My Journey from Sniper to War Resister

U.S. Army Spc. Eli Israel Aug 31, 2007

My Journey from Sniper to War Resister On June 19, 2007, I took a stand that changed my life forever. As an Army sniper who had been in Iraq for a year (running more than 250 combat missions), I refused to continue to be a part of the occupation. I regret nothing.

In Iraq, I was frequently assigned to the Joint Visitors Bureau (JVB), the protective service for “three star generals and above” and their “civilian equivalents.” This included the vice president, the secretary of defense, the chairman of the Joint Chiefs of Staff, their equivalents in a number of our “allied nations” and others. I trained for my job as part of this “special unit” prior to deployment, and I spent the majority of my tour in the company of the most powerful people connected to the “global war on terror.” Even as a JVB agent, my primary job was still infantry. On days when we didn’t have any JVB missions, we would be called on for “search-and-cordon” operations and other infantry assignments. So, although I worked at the JVB, I was still on the roster of a sniper platoon tasked with various missions “outside the wire”— either as “sniper over watch” or conducting house raids.

I reasoned that my actions during these missions were justified in the name of “self defense.” However, I came to realize my perception was wrong. I was in a country that I had no right to be in, violating the lives of people, and doing so without regard to the same standards of dignity and respect that we expect in our own homes and lives.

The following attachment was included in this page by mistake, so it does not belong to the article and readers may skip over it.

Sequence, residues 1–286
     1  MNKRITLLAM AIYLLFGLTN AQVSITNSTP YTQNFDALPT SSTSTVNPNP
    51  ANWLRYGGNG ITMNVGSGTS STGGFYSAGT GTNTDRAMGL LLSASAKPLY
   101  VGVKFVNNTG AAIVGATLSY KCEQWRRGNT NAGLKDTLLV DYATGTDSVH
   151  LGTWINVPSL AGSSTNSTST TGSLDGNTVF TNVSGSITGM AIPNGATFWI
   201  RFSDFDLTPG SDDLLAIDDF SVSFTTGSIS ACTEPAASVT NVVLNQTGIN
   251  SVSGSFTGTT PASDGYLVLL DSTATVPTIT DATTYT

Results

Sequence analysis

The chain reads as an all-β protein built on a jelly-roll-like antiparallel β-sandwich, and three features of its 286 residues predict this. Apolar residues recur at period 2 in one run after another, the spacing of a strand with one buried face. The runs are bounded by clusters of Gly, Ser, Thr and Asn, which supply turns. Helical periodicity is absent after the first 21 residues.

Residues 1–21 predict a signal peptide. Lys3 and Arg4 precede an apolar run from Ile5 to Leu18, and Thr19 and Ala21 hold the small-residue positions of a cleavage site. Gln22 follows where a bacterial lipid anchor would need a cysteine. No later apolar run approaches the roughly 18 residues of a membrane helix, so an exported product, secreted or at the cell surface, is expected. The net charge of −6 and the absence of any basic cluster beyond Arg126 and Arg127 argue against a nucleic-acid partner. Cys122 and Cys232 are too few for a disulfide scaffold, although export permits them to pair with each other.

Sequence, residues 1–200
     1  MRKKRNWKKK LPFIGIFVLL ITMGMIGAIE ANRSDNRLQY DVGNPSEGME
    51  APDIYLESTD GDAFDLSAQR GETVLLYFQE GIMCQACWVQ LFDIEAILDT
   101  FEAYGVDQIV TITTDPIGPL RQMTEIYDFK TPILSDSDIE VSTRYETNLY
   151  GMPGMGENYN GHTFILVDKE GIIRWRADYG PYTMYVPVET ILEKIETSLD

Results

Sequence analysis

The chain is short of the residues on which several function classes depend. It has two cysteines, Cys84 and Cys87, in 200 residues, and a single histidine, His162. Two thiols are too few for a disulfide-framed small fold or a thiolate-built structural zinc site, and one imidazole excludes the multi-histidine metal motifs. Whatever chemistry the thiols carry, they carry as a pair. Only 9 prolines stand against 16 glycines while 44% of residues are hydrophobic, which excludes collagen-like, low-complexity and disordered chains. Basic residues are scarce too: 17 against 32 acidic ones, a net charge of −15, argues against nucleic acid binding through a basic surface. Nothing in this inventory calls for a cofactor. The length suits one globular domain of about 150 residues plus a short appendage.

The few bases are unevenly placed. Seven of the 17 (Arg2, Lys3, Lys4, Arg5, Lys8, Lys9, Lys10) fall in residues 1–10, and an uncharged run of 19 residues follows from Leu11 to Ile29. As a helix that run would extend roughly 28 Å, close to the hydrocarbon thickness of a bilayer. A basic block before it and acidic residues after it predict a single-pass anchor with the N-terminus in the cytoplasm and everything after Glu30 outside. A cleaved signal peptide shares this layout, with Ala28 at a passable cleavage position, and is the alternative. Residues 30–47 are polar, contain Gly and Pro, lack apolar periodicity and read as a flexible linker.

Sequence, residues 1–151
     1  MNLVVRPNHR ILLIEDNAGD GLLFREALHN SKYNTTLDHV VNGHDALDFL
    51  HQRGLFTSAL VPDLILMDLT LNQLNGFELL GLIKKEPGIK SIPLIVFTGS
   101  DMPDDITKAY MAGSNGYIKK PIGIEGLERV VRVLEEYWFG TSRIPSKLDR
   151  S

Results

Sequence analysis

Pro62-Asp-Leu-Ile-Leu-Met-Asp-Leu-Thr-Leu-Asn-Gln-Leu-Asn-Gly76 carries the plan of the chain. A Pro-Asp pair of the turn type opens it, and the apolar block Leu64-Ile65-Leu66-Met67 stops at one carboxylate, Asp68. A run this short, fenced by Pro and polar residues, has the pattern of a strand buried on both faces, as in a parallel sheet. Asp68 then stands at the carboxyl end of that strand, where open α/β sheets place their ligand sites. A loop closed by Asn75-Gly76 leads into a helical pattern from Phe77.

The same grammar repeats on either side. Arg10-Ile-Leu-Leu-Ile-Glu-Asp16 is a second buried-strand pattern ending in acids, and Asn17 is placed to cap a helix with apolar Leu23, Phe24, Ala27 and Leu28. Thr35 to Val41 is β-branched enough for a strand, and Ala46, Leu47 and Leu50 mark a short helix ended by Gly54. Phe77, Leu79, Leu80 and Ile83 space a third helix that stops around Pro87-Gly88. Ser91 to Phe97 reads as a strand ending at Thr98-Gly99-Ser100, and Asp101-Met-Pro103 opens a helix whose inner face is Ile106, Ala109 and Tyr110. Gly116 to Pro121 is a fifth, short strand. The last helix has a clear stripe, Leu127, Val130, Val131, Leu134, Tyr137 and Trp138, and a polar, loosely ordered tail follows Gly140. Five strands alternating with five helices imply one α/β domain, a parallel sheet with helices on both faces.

I have taken and/or destroyed the lives of people who were defending their families from being the “collateral damage” of the day. Iraqi boys are joining groups like al Qaeda for the same reason street kids in the United States join the “Crips” and the “Bloods.” It’s about self-protection, a sense of dignity and making a stand.

Our own sacrifices, as tragic as they are (and they are tragic), are dwarfed in comparison to the carnage that has been brought on the Iraqi people.

“Success” in Iraq is not a matter of the number of coalition deaths “declining.” Success would be an end of the catastrophe we have inflicted on an entire society, and restoration of its dignity and sovereignty. Iraqis continue to die at a rate 20 times higher than that of their occupiers. Meanwhile, we often impose martial law so that no one can travel freely. The day I saw myself in the hate-filled eyes of a young Iraqi boy staring at me was the day I realized I could no longer justify my role in the occupation.

I envy the soldier who sees the injustice of this war from afar and has the courage and conviction to stand against it. What matters is making the stand. Whether you choose not to deploy in the first place or later realize that the military’s mission is fundamentally immoral, the moment you realize the truth is the moment to take a stand. My moment came with only three weeks of combat missions remaining during my one-year tour in Iraq. Moral conviction has no timing. I informed my chain of command of my beliefs. From that first conversation, I could tell that things were not going to go well. I told them that I believed our presence in Iraq was unlawful, that I no longer believed in a policy of war and would file as a conscientious objector.